PFASPollution

If you’ve seen the 2019 legal thriller Dark Waters, you already know what perfluoroalkyl substances (PFAs) are. You also know that they’ve been connected with a deadly range of health hazards. In the film, Mark Ruffalo plays Rob Bilott, an attorney whose decades-long battle against chemical giant Dupont on behalf of 70,000 residents of a West Virginia town contaminated by PFAs resulted in a series of settlements totaling over $753 million. 

On August 26, the United States Environmental Protection Agency (EPA) announced that it is proposing to designate two types of PFAs, perfluorooctanoic acid (PFOAs) and perfluorooctane sulfonate (PFOs), as hazardous substances under the Superfund law. Once they’ve been designated as hazardous, any PFOAs and PFOs released into soil, air or groundwater that exceed a certain threshold will have to be reported to state, federal or tribal officials. 

Starting in the 1950s, PFAs were used to create stain-resistant, waterproof and nonstick products such as water-repellent sports gear, stain-resistant rugs, cosmetics, nonstick frying pans, cardboard packaging and more. The price of convenience was high; PFAs in drinking water have been linked to kidney cancer, testicular cancer, thyroid disease, high cholesterol, ulcerative colitis, low birth weight and a host of other health issues. Worse, they’re known as ‘forever chemicals’ because the same strong bonds that make them waterproof and stain resistant also make them impossible to degrade, meaning they remain in the environment – and in human bloodstreams – indefinitely. 

According to the EPA’s statement, ‘Many known and potential sources of PFAS contamination are near communities already overburdened with pollution. If finalized, the rulemaking would trigger reporting of PFOA and PFOS releases, providing the Agency with improved data and the option to require cleanups and recover cleanup costs to protect public health and encourage better waste management.” 

All of this is a polite way of pointing out that toxic chemical contamination sites are disproportionately located in low-income communities which lack the resources to take polluters to court. High-profile victories like those depicted in Dark Waters and Erin Brockovich are more the exception than the rule. An EPA analysis obtained by APM reports and The Intercept in 2021 found that more than 9,000 federally subsidized properties across 480 cities in 49 states and territories are located within a mile of Superfund sites. Many include hundreds of apartments or townhouses inhabited by low-income residents.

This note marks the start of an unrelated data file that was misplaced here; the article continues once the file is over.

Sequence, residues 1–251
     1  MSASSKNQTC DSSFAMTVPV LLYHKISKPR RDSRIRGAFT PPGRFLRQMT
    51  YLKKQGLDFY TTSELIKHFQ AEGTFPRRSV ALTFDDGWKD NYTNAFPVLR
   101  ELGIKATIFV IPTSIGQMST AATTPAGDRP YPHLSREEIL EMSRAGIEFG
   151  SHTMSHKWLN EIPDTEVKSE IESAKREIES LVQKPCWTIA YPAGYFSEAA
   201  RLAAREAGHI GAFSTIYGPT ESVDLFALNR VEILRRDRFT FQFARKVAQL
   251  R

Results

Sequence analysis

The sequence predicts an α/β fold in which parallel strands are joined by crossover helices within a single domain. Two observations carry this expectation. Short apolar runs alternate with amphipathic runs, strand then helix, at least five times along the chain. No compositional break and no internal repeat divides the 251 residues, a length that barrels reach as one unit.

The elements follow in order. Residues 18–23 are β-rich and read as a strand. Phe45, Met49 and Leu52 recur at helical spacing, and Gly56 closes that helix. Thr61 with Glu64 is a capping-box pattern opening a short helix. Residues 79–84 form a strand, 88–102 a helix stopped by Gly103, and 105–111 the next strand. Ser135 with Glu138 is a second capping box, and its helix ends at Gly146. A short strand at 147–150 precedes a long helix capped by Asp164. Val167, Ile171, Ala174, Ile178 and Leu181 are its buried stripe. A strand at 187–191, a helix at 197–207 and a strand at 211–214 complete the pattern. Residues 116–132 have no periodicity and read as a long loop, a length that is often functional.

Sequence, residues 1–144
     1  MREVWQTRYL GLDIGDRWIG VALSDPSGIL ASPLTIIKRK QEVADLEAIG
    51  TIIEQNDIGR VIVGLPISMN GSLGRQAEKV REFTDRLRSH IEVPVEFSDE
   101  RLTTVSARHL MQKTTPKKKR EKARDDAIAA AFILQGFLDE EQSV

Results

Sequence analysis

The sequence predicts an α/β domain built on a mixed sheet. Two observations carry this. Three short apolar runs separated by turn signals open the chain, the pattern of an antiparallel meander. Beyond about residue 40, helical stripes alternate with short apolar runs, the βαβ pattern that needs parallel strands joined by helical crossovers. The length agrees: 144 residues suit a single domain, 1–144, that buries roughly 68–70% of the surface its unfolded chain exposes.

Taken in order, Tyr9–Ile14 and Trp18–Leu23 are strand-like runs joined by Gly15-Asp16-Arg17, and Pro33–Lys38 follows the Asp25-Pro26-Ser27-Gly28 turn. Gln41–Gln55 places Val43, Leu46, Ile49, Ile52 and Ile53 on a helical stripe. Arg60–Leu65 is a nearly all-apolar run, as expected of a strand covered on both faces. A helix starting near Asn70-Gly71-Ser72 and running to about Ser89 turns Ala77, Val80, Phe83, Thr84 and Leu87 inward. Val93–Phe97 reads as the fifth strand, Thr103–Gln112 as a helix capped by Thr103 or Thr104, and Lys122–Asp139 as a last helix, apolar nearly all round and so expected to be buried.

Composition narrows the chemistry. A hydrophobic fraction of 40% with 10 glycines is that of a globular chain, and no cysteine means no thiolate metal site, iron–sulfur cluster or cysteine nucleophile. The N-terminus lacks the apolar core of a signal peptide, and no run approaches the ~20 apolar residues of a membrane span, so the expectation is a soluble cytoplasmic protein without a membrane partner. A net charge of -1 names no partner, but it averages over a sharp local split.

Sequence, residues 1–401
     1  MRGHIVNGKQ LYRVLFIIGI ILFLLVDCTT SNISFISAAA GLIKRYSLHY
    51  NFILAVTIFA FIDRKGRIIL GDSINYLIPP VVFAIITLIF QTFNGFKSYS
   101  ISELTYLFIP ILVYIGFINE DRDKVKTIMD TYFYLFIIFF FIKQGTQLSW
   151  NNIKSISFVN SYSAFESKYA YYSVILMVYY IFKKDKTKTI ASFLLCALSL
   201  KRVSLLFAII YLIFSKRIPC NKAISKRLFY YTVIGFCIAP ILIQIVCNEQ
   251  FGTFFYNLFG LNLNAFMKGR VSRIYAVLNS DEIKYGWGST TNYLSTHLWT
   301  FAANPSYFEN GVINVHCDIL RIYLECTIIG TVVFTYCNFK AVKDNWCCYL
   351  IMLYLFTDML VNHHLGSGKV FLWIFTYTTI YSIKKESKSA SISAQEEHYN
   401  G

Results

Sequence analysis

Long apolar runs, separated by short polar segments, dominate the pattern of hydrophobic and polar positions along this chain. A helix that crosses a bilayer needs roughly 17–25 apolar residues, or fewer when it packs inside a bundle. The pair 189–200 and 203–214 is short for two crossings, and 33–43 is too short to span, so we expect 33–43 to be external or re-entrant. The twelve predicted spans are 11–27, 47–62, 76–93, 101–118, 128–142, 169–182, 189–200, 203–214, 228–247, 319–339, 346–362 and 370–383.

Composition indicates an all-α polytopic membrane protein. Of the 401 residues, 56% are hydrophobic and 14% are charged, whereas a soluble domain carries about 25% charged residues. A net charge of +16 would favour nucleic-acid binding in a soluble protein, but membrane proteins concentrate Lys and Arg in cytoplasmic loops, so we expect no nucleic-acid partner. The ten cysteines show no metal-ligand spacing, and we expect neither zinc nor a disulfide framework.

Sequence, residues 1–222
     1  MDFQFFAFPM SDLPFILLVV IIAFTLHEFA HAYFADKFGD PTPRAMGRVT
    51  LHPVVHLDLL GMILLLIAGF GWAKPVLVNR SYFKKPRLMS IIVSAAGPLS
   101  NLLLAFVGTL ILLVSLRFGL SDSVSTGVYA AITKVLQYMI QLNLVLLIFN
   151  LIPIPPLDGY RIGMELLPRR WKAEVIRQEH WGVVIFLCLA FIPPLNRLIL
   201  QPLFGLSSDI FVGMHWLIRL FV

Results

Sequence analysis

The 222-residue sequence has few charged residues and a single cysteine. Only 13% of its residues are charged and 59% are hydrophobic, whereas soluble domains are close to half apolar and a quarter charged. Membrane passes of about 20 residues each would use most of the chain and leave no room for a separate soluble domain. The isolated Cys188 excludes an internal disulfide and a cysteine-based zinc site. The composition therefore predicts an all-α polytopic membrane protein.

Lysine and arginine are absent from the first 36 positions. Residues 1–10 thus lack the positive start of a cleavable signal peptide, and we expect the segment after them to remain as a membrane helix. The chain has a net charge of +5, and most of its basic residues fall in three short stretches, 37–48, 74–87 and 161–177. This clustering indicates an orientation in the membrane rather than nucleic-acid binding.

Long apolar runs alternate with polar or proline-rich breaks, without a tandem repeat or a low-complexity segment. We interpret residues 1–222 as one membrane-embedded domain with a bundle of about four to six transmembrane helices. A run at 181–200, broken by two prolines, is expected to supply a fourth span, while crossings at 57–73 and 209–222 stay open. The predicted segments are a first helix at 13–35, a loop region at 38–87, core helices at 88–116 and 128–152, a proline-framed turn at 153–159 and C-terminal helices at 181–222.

“Communities have suffered far too long from exposure to these forever chemicals,” said EPA Administrator Michael Regan in a statement on Friday. “The action announced today will improve transparency and advance EPA’s aggressive efforts to confront this pollution. EPA will both help protect communities from PFAS pollution and seek to hold polluters accountable for their actions.” Environmental justice has been a key focus of Regan’s since he was appointed in 2021. 

Superfund is the informal name of the Comprehensive Environmental Response Compensation and Liability Act (CERCLA) enacted in 1980. The law allows the EPA to clean up contaminated sites and forces the parties responsible for the contamination to either perform the cleanup themselves or reimburse the government for EPA-led cleanup work. 

The latest EPA announcement came on the heels of a June declaration that PFOAs and PFOs both pose higher health risks than previously thought, even at levels low enough to escape detection. At the same time, the EPA changed the health risk thresholds for both chemicals to near zero in place of the 2016 threshold of 70 parts per trillion. The change was part of a nonbinding health advisory. 

PFAs have already been restricted elsewhere. In September 2021, Germany, the Netherlands, Sweden, Denmark and Norway jointly announced their plan to submit a restriction proposal to the European Chemicals Agency by July 2022 as the first step toward a ban of 200 different forms of PFAs. Currently, their use in food packaging is banned in California, New York, Maine, Vermont, Washington, Connecticut and Minnesota. 

 

Rob Bilott, the attorney at the heart of the Dark Waters case and a staunch advocate for better regulation, weighed in on the EPA’s proposal. “[This] sends a loud and clear message to the entire world,” he said in a statement, “that the United States is finally acknowledging and accepting the now overwhelming evidence that these man-made poisons present substantial danger to the public health and the environment.”  

Sources: 

EU puts 200 PFAS out of business – but thousands remain” International Chemical Secretariat, September 3, 2021

Why PFAS are so impervious, and who is most at risk from the forever chemicals” by Miles O’Brien, PBS News Hour, Dec 9, 2021

EPA says ‘forever chemicals’ pose a health risk even at very low levels Matthew Daly, Associated Press, Jun 15, 2022

2 ‘forever chemicals’ to be named hazardous substances, says EPA official” by Matthew Daly, Associated Press, Aug 26, 2022

Biden administration to declare ‘forever chemicals' hazardous substances

Reuters, August 26, 2022